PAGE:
In April 1974 Borussia again had a bad experience with a Milan club, but this time with  AC Milan. After the 2-0 first-leg defeat in Milan, all hope for Borussia rested on the return, which the club again moved to the Rheinstadion in Düsseldorf because of its extra capacity. Gladbach took the lead early thanks to an own goal by the Italian Sabadini Milan then started playacting worthy of Hollywood. Time and time again, the Italians were able to meet their reputation, falling down at every opportunity and fouling every other minute. When referee Franco-Martinez refused to give Borussia a stonewall penalty, the players lost it. After the final whistle Klaus-Dieter Sieloff said, “I have never seen such cheating in my whole life!” Meanwhile, Gladbach fans chased the Spanish referee across the pitch. He later had to slip into a police uniform in order to be able to leave the stadium safely. Gladbach had to pay a penalty of 5,000 Marks as well as losing out on a place in the final.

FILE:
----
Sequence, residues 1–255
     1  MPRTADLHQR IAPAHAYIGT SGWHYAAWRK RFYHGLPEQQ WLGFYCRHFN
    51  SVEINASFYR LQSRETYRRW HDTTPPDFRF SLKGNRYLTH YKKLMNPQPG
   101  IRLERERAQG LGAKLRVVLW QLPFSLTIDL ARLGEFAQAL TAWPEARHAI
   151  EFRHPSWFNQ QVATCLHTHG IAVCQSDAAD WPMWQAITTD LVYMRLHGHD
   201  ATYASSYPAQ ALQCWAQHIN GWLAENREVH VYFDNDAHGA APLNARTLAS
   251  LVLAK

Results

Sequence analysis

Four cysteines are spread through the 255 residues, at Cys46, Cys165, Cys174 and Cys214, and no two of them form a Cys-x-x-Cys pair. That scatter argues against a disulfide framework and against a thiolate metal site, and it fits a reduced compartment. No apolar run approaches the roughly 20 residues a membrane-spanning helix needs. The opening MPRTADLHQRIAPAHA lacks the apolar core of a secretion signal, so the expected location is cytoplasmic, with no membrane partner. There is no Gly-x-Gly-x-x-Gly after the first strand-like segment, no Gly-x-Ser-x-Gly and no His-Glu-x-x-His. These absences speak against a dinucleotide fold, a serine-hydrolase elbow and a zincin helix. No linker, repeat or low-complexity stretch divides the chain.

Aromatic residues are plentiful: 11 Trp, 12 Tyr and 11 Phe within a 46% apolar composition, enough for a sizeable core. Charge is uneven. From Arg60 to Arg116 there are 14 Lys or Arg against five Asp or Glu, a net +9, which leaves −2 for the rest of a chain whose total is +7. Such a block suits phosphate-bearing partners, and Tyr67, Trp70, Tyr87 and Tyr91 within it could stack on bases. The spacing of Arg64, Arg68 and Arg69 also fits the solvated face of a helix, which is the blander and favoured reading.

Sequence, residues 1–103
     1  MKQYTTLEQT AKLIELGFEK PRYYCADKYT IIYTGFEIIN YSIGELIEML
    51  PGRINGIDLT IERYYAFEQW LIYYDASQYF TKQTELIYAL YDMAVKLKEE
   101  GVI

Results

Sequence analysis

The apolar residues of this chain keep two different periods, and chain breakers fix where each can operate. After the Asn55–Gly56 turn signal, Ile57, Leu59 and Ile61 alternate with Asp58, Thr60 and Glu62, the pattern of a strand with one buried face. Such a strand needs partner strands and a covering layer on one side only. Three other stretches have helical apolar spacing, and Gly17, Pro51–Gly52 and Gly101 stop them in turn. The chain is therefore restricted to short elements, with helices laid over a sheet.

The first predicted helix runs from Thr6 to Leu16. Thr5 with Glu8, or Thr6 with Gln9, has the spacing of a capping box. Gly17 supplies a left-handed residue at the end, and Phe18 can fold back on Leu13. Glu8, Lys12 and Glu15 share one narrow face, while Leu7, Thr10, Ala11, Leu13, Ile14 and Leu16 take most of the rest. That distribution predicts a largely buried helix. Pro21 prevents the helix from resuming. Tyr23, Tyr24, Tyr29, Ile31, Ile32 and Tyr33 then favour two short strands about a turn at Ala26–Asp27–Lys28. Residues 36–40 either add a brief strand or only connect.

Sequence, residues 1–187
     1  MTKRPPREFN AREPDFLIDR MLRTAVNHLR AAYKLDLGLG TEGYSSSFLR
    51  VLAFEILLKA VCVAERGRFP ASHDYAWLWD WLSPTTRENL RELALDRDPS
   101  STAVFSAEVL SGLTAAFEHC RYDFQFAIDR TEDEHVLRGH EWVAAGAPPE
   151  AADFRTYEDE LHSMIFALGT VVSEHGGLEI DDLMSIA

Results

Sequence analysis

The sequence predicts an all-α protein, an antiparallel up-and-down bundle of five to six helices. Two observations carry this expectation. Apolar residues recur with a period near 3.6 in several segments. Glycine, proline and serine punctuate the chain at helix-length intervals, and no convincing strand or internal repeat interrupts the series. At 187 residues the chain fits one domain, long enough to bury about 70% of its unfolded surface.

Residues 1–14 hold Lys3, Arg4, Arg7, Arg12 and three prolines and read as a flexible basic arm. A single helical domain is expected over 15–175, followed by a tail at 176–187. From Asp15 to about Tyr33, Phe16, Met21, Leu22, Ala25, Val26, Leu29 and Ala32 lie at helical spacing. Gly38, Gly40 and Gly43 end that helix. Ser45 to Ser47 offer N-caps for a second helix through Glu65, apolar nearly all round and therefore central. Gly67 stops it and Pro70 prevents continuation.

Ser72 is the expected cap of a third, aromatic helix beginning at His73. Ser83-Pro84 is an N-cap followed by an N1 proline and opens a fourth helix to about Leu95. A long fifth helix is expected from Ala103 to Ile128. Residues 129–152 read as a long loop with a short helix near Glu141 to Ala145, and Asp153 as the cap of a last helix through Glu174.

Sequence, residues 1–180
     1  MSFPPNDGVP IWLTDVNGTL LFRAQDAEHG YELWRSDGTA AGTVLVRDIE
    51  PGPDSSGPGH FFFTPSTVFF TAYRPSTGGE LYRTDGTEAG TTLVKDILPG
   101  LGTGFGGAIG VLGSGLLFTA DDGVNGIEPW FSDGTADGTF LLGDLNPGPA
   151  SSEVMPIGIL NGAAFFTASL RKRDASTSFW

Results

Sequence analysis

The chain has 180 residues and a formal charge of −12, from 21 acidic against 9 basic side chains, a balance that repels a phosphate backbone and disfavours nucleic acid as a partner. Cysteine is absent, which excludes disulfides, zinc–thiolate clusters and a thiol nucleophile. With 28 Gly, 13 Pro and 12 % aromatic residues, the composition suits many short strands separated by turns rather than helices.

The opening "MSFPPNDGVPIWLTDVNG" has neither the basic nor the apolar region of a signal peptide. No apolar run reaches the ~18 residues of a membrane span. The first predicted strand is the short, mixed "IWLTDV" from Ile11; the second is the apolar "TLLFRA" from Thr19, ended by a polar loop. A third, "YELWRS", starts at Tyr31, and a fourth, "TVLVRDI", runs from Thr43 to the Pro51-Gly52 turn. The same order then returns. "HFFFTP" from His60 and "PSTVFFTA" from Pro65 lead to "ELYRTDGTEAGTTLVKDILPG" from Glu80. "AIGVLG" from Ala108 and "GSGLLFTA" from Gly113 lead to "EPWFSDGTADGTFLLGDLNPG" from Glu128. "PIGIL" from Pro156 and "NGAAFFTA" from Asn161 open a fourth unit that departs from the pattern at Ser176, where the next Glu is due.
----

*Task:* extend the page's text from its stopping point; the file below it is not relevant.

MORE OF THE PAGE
The return home from the UEFA Cup tie back from Zaragoza was almost a tragedy for Hennes Weisweiler’s team. After the Foals had easily gone through to the next round everybody on the team bus was already looking forward to a celebration dinner. Suddenly it swerved violently and two windows were broken. It turned out that apparently the bus had been shot at. The perpetrators were never identified. Luckily none of the players were injured, only a  journalist got some glass shards in the eye. Ouch.


Speaking of ouch, in the first round match of the European Cup in 1976 against Austria Vienna attacker Herbert Heidenreich wondered after the final whistle why his back was hurting so much. When unpleasant pustules formed he went to the doctor who diagnosed second degree burns. Suspicion immediately fell on the lime with which the lines at the Bökelberg Stadium were drawn during those days. Promptly, the city banned the use of the substance. Heidenreich’s back was fixed, and in the end Gladbach even reached the final, where Liverpool proved to be too strong.